Blazin' Saddles

Tour de Farce: Night-Demare for Arnaud, Tears for Tinkov

Blazin' Saddles

While Polish tyro Rafal Majka was pooh-poohing that chances of his fellow escapees on the front of the race, French national champion Arnaud Demare was dropping something of his own during stage 14 of the Tour de France on Saturday.

Anyone well versed in Tour mountain stages is used to the sight of Demare very much rooted to the back-end of the race once the roads start to head up into the clouds.

But mid-way through the Col du Lautaret, Demare - chaparoned by a FDJ team-mate in the time-old manner of two girlfriends going to powder their noses in restaurant restrooms the world over - made a sudden surge from the bottom of the peloton.

The Tour debutant then edged clear of the pack in one of the most unlikely ostensible breakaways of the entire race before further puzzling viewers by pulling up at a roadside campervan and entering through the back door.

No hallucinations - it did actually happen. Look...

This sparked some good natured banter about the motives behind Demare's impromptu visit to the vehicle - perhaps to gain some kind of motorised assistance?

The official Katusha social media person innocently thought it was perhaps a visit to a friend or relative - even though the van in question has a Belgian number plate and was nestled between vans emblazoned with American and Australian flags.

Of course, most of us with a typical British sense of humour were quicker to read between the lines...

Yes, the real reason behind Demare's visit to the campervan was so he could shed some bib short ballast. You see, like many riders in this year's race, Demare had been struggling with illness and - in the fierce heat on the Lautaret - he needed to empty his bidons, so to speak.

If you're still in doubt, then an article on a Norwegian website later confirmed that Demare had been struck down by diarrhoea (or as they put it, "very loose stools"). When put through Google Translate, it does indeed make for comedy reading...

The article also revealed that there had been a sequel to Demare's opportune campervan visit. Apparently, once his rivals eased up over the finish line, Demare "upped the pace" and entered a second motorhome next to the FDJ team bus - inside of which he spend 10 whole minutes before exiting "tired and relieved".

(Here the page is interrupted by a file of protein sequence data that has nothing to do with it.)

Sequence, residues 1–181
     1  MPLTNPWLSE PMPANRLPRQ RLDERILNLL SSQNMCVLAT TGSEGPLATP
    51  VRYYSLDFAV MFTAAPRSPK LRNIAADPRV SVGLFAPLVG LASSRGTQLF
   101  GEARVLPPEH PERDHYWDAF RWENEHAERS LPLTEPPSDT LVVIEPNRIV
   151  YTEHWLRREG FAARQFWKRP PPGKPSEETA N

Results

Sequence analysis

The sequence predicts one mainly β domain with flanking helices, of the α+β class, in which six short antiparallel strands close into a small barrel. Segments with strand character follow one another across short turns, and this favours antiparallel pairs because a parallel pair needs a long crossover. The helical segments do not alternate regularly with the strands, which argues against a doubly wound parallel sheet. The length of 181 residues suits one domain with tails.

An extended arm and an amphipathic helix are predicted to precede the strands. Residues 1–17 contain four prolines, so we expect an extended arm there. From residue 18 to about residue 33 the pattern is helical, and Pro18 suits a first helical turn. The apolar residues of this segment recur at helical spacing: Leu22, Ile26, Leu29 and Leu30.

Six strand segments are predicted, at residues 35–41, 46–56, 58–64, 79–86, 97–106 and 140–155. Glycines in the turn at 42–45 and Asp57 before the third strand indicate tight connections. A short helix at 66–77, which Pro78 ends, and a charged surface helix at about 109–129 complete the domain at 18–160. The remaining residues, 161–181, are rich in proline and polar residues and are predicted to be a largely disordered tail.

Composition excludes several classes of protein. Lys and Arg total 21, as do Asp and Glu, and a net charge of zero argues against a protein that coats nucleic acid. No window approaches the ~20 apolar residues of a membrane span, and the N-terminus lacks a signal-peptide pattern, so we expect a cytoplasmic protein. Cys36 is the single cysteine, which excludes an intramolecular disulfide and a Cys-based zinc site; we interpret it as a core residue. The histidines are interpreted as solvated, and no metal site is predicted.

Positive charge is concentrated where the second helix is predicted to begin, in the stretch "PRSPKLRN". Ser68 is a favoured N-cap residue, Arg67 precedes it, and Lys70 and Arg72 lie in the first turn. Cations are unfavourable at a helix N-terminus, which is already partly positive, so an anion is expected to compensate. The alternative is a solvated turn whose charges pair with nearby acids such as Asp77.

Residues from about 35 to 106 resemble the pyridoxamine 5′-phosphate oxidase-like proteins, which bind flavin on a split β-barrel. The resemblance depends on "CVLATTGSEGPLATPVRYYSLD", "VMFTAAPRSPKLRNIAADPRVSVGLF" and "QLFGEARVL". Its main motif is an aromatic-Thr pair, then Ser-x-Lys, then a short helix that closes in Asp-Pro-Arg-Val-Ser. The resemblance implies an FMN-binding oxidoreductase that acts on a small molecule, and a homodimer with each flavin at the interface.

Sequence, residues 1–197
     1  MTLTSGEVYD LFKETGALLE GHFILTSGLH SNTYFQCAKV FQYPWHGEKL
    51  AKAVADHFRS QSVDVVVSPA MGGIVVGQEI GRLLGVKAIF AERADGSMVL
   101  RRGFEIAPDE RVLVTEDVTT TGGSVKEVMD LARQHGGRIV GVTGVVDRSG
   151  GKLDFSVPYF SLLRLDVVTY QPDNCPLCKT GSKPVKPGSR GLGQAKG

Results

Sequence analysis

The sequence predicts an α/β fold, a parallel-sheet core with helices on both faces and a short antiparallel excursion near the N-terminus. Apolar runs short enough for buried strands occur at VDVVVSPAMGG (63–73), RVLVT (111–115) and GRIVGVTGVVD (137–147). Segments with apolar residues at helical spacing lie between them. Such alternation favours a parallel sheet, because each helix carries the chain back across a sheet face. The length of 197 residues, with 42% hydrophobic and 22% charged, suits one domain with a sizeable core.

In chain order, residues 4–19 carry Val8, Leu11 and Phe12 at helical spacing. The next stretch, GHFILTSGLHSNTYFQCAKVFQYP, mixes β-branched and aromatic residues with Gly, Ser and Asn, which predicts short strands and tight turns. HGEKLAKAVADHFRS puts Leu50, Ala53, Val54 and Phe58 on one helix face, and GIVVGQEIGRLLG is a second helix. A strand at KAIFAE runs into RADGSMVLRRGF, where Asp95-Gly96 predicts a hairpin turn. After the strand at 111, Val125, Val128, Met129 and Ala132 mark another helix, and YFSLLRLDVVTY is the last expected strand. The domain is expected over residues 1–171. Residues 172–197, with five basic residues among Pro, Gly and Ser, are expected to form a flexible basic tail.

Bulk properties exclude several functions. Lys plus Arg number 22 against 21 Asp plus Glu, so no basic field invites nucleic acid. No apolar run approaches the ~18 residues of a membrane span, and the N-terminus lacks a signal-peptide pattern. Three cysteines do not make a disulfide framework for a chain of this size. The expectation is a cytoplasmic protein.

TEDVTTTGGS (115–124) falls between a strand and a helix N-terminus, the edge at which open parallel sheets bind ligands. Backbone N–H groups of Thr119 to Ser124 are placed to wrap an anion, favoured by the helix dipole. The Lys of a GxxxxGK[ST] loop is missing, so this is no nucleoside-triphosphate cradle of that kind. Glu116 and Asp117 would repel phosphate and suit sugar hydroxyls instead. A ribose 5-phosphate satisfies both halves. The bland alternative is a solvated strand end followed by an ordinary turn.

Perhaps the best thing about the whole article is the photo of Demare giving the reporters the thumbs-up after some much needed relief to his fiery day in the saddle.

Judging by her scowl, it's fair to say that the lady in pink was probably the van's unfortunate owner. Either that, or the person responsible for cleaning FDJ's kit every night...

The episode recalls a tricky moment in the career of Eurosport pundit Greg LeMond, who once famously followed through on a stage to Futuroscope, rode 60km with the evidence all over his shorts and legs, and then made a beeline to his team bus and a box of Bernard Hinault postcards to "boucler la boucle" as the French would say.

Moving on, and also having a stinker of a day was Spain's Alejandro Valverde, who cracked on the final climb to Risoul to lose exactly a minute to yellow jersey Vincenzo Nibali - and see his position on the podium threatened by French youngsters Romain Bardet and Thibaut Pinot.

French fans were certainly pleased to witness the Spaniard's demise after Valverde was branded a "rotten" sport by arguing with Pinot and refusing to ride with his rival on Friday's climb to Chamrousse. Valverde's wily antics apparently led the Movistar man to apologise to Pinot on Saturday morning - but the pair were at each other's throats again at Risoul.

Speaking to reporters after the stage, Valverde indeed blamed his troubles on an alleged incident involving Pinot, with the Frenchman apparently breaking Valverde's derailleur and forcing him to ride the final 5km in the big ring. If true, then Pinot has more than got his own back... while the next instalment of their rivalry promises to be extremely spicy.

Finally, a quick word on stage winner Rafal Majka, a late call-up to Tinkoff-Saxo's Tour squad following the shock suspension of Roman Kreuziger prior to the race. Freed from the fetters of marshalling Alberto Contador, 24-year-old Majka has been in his element in the Alps - and apparently he had Saturday's stage down as his all along.

If Majka was livid when he learnt of his late selection, it's fair to say that the Pole will now be happy he's topping podiums rather than topping up his tan this July. One thing's for sure, the man who pays his salary is quite happy.

In fact, Majka's win after Contador's shock withdrawal from the race proved all too emotional for Oleg Tinkov, who showed his soft side by bursting out in tears when interviewed on live television.

And finally, after the chateaux and mountains of the previous two blogs, how about some livestock on a mountain - even if they're sadly not overlooking a castle.

Felix Lowe - Twitter: @Saddleblaze

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